Something occurred to me recently. I was thinking about novels—successful novels, unsuccessful novels, classic novels nobody reads, cheap paperbacks everybody reads—and I was wondering…why do people like certain novels more than others? When a reader picks up a book with the intention of reading it, what are their expectations? What do they want?
Well, I’m sure it’s a little different for each reader and each novel—but not a lot different. When it all boils down, the reader wants a story. In the end, they don’t care a lot about your grammar, or your descriptive power, or your atmospheric development. They just care about you story—and maybe your characters.
What they really want is an emotional attachment, and ability to sympathize with the characters. Once you have those bonds established, you proceed to take those characters--your reader’s new--friends and comrades—through a labyrinth of fear, pain, sorrow, confusion, joy, thrill, love, and victory. If you do that—and don’t overuse dashes (or parentheses, like some people)—you will write a novel people will hunt down in bookstores, and search for on Amazon.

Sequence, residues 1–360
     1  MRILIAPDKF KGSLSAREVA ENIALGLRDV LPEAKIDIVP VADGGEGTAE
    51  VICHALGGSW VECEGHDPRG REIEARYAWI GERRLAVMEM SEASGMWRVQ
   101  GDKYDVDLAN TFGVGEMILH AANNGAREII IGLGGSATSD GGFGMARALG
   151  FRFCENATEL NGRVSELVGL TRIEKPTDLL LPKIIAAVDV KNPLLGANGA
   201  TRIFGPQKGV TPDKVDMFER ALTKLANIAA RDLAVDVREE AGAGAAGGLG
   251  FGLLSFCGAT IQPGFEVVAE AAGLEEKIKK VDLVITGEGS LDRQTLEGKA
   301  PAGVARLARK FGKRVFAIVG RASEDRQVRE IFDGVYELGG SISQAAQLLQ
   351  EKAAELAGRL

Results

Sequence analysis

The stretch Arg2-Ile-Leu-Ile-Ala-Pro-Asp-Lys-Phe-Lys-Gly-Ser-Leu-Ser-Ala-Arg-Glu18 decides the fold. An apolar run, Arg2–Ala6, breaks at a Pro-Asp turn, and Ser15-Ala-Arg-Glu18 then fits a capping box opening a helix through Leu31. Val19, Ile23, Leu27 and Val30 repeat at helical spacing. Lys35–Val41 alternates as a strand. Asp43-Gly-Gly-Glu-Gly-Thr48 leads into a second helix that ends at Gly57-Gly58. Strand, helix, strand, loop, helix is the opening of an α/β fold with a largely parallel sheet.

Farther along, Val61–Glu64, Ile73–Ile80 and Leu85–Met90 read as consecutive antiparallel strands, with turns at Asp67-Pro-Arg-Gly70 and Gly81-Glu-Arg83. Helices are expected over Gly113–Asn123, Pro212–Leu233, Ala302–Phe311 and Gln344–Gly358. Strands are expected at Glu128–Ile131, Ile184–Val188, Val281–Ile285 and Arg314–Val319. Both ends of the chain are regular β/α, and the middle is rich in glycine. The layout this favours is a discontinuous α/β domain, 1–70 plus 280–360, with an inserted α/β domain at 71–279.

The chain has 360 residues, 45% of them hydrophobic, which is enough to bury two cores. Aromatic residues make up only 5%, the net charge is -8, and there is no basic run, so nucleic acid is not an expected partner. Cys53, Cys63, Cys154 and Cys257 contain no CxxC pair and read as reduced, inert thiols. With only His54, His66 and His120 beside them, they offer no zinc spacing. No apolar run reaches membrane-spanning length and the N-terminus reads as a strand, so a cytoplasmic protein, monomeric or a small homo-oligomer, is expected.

People want to be moved, above all, when it comes to art. The same is true for all art, really. With music, it’s the same. A pianist of great skill, with fluid artistry, and technical perfection, could play some monstrously complex Bach composition on a top-of-the-line instrument and everyone would know it was great. But a very mediocre singer singing some ridiculously easy folk song a little bit flat will get everyone to listen—if only they can bring out the audience’s emotions with their own raw intensity. This is what really matters to people.
Is this a bad thing? Not really. It’s a very natural thing, and for many people, it should be very encouraging. Readers couldn’t really care less if you’re perfect. They just want a story that they can grasp and feel. But as for me, I’m a perfectionist. I feel like I really do have to be perfect when it comes to creating art. And that’s okay too, just as long as you don’t forget the essence of it. You need to move your reader. That’s what they were looking for when they opened your book.